Exceptions:
When treatment may be successful in an otherwise fatal condition
When no studies are available (rare conditions, new treatments, etc.)
Harm
RCT, Cohort, Case-control
OTHER INFORMATIONAL
Explore hypothesis
History-taking
Individual trial & error
Following clinical course
Recordkeeping
Quality of Care research
Qualitative research
Case control study
n of 1 trial
Cohort study
Systematic registry-based (computer supported) research
Individual peer review, Process Evaluation
MISCELLANEOUS
Basic Science, Genetics, Immunology, etc.
WHAT FORM OF INFORMATION?
Case report
Controlled Trial
Systematic review
Meta-analysis
Clinical guidelines
etc.
LITERARY SEARCH: NEXT STEP
IDENTIFY YOUR RESOURCES
Colleagues
Consultation, Discussion
(Caution: Response may be an outdated “This is what we do”)
Paper resources
books, reports, journals
Electronic databases
Health Literature Services
specialized librarians, staff
Review services, Abstract Services, etc.
SEARCH AND RETREIVE THE BEST EVIDENCE
Learn and Practice various SEARCH STRATEGIES:
• To find useful information quickly
• To eliminate irrelevant, inappropriate or weak information
Try to develop the habit of learning as you go;
Not just in lengthy formal sessions!
LITERARY SEARCH STRATEGY
ASK FOR HELP!
SPECIALIZED PERSONNEL
• track down information, textbooks, articles,
guidelines
• may provide electronic search support or training
EXAMPLES
• Medical Librarians
• Medical Informatics Specialists
• Specially trained staff member
LITERARY RESOURCES
•
TEXTBOOKS (caution – most obsolete!)
• Traditional
• Evidence Based
•
JOURNALS (may be outdated)
•
REVIEW ARTICLES (summaries, abstracts)
•
SYSTEMATIC REVIEWS (prepared in systematic, rigorous
manner) Ex: Cochrane Collection
•
META-ANALYSIS
•
CLINICAL PRACTICE GUIDELINES
Summarized and easily digestible information
ELECTRONIC RESOURCES, DATABASES, INTERNET
Bibliographic Database
Example: Medline, PubMed
Medical Information Services: Medscape, HDCN
Review Services
Subjective
Systematic Reviews
Meta-analysis
Examples:
• Cochrane,
• Best Evidence,
• Up to Date
MORE GREAT INTERNET RESOURCES
Websites
cyberNephrology, National Kidney Foundation. NIDDK,
American Heart Association, American Cancer Society.
National Institutes of Health, etc
Listserve Discussion Groups
CyberNephrology, C-span, etc.
Specialty Electronic Databases
Psyclit
CancerLit
CINAHL
(allied health and nursing journals)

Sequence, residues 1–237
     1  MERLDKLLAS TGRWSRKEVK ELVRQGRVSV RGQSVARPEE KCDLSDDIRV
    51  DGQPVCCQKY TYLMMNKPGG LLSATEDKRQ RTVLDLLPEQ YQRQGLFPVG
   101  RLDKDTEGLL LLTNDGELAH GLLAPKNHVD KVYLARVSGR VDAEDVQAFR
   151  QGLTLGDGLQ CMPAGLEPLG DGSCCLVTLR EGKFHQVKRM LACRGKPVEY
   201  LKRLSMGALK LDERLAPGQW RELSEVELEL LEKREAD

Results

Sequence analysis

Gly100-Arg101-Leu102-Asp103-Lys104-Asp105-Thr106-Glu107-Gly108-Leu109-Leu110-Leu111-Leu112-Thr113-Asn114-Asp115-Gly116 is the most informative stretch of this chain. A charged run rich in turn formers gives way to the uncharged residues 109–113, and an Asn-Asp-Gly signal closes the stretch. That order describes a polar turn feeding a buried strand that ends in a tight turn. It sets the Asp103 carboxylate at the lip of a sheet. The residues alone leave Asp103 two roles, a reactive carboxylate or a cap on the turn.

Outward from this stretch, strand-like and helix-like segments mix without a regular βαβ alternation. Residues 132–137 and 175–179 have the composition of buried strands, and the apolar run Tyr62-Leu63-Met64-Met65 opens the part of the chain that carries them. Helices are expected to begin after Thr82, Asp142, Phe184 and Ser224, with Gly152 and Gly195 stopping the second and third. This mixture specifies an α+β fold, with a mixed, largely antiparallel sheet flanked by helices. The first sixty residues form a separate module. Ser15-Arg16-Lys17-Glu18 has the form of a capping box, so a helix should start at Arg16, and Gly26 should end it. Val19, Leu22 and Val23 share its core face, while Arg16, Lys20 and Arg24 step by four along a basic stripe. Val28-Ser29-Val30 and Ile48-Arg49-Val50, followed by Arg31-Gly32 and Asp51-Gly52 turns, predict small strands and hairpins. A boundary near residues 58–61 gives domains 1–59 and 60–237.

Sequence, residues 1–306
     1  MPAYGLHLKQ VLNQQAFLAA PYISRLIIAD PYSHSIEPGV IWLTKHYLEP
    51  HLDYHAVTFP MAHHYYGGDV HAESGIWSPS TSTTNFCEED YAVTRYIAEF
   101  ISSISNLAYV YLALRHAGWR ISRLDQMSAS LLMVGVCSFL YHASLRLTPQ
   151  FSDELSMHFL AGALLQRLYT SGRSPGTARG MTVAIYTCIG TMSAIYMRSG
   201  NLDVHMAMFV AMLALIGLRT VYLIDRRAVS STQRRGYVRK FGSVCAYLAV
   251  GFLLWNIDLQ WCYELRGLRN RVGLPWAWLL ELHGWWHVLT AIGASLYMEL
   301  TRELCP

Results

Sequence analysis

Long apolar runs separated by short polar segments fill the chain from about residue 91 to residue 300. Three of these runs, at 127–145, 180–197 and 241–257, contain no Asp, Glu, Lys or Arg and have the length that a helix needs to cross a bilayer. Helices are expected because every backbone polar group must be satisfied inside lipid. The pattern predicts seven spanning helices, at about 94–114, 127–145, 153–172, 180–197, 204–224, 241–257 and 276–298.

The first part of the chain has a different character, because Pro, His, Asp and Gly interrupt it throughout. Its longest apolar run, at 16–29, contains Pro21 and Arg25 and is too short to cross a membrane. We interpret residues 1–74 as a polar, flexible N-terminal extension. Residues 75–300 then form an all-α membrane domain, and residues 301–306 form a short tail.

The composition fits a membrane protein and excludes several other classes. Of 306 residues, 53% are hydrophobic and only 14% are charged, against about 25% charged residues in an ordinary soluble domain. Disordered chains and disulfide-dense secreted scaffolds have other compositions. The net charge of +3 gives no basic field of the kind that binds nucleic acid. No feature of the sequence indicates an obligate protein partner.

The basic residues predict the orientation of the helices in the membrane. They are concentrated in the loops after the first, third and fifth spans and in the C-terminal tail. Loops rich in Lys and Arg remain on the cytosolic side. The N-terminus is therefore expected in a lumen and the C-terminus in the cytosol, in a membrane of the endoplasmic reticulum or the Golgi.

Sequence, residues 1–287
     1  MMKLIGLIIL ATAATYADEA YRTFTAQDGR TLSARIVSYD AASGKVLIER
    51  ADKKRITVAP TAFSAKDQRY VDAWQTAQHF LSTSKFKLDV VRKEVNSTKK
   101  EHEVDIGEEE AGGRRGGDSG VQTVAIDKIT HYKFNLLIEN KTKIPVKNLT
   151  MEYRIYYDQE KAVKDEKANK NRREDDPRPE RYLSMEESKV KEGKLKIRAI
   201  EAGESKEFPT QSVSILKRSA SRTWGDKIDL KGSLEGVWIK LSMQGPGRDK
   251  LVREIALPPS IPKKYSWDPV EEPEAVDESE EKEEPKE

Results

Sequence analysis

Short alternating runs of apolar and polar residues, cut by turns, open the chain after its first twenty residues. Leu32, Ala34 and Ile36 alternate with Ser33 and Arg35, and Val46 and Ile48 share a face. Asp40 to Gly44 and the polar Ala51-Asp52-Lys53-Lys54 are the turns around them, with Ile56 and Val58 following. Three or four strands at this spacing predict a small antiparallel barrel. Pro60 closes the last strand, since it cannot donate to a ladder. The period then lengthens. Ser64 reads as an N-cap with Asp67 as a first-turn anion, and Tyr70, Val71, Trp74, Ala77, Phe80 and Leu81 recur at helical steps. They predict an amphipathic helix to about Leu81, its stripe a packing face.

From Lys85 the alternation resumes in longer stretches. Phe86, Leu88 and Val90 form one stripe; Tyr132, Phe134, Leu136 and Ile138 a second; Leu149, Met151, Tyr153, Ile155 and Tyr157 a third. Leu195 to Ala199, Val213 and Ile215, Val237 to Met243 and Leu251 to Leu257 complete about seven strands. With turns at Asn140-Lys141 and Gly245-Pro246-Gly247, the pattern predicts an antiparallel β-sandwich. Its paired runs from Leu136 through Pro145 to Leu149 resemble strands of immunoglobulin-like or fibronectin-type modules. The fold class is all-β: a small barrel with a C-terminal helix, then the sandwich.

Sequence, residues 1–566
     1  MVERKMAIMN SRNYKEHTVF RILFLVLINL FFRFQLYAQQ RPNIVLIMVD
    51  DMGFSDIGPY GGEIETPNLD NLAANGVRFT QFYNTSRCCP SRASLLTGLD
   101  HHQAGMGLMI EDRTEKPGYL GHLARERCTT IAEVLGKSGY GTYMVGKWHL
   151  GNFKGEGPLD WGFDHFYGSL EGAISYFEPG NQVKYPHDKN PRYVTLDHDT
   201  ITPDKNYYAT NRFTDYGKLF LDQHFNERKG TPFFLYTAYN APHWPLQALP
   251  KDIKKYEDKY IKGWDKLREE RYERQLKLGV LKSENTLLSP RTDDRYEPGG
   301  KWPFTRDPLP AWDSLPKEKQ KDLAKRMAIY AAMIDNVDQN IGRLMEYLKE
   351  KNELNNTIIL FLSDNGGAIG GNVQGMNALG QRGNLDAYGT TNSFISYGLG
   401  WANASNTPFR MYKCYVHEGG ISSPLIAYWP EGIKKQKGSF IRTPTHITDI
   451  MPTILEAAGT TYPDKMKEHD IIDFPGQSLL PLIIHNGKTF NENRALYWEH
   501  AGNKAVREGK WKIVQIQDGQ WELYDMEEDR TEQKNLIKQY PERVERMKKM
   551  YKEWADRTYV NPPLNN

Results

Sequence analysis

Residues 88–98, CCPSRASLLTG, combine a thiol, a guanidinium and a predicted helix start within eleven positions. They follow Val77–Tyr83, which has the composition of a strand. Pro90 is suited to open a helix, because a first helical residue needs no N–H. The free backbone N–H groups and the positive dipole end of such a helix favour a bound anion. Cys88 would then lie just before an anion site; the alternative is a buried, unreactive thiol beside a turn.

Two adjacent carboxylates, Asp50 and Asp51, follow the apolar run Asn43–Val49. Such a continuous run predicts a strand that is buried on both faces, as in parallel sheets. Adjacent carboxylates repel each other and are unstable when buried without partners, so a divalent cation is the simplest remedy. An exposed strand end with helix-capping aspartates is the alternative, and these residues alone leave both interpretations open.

Etc
OTHER RESOURCES
Tapes
Videos
CD-ROMs
Specialty seminars
Product information and comparisons
A closer look at some Internet Resources…
MEDLINE
WHAT IS IT?
Searchable database of medical information compiled by National Library of
Medicine in US 1966-present
Catalogs articles from approx 4000 world journals (of estimated 12-15k total)
SEARCH METHODS
Any word or words (title, abstract, content, author name, institution, etc.)
Medical Subject Heading (MeSH) terms
A restricted thesaurus of medical titles
Articles categorized by most specific possible MeSH heading
COST: FREE!
Or may subscribe to companies with specialized search strategies:
•
Ovid Technologies (ovid)
•
Silver Platter Information (WinSPIRS)
BENEFITS
Free
Vast database
LIMITATIONS
Not all articles are indexed on Medline (only 1/3 of approx 10 million!)
Much material listed and described on Medline can only be accessed through
journal article
MEDLINE: ELECTRONIC SEARCH STRATEGIES
Search through “Clinical Queries” service of PubMed
http://www.ncbi.nlm.nih.gov/clinical.html
Medical Subject Headings (MeSH)
Search filters
Search by a text word can supplement a MeSH search
Boolean search: “and”, “not”, etc.
To increase sensitivity
• use “explode” command
• avoid using subheadings
Online Tutorial is available!
COCHRANE LIBRARY
Cochrane Database of Systematic Reviews
-systematically compiled reviews of intervention
Cochrane Controlled Trials Register
-citations of controlled trials identified anywhere in the world
Cochrane Review Methodology Database
-methodological papers relating to systematic reviews
Etc.
BEST EVIDENCE
Electronic version of two publications:
•
Evidence Based Medicine
•
American College of Physicians Journal Club
Covers broad topics of information
THE FIVE BASIC STEPS OF EBM
1. Clinical Question
Patient-focused, problem-oriented
2. Find Best Evidence
Literary Search
3. Critical Appraisal
Evaluate evidence for quality and usefulness
4. Apply the Evidence
Implement useful findings in clinical practice
5. Evaluate
The information, intervention, and EBM process
CRITICAL APPRAISAL
Interpreting the evidence
• How to read a paper
• How to do the math
CRITICAL APPRAISAL
IMPORTANT!
You do NOT have to become a researcher,
epidemiologist, or statistician to practice EBM.
Focus on how to USE research reports –
not on how to generate them!
CRITICAL APPRAISAL
HOWEVER…
You must have a solid understanding of
basic research principles and
study designs in order to understand
and interpret the evidence!
TYPES OF STUDIES AND REPORTS
Randomized Controlled Trial - “The Gold Standard”
Systematic review
Meta-analysis
Retroactive vs Prospective
Incidence
Prevalence
Case Control
Cohort (Follow-up)
Cross-sectional
Ecologic
Longitudinal
Experimental
Blinded vs Open
Qualitative Screening
DETOUR
BASIC RESEARCH PRINCIPLES
STUDY DESIGNS
THE TIME FACTOR
When was the study done?
What was its duration?
In what time direction is it headed?
RETROSPECTIVE
PROSPECTIVE
THE TIME FACTOR
When was the study done?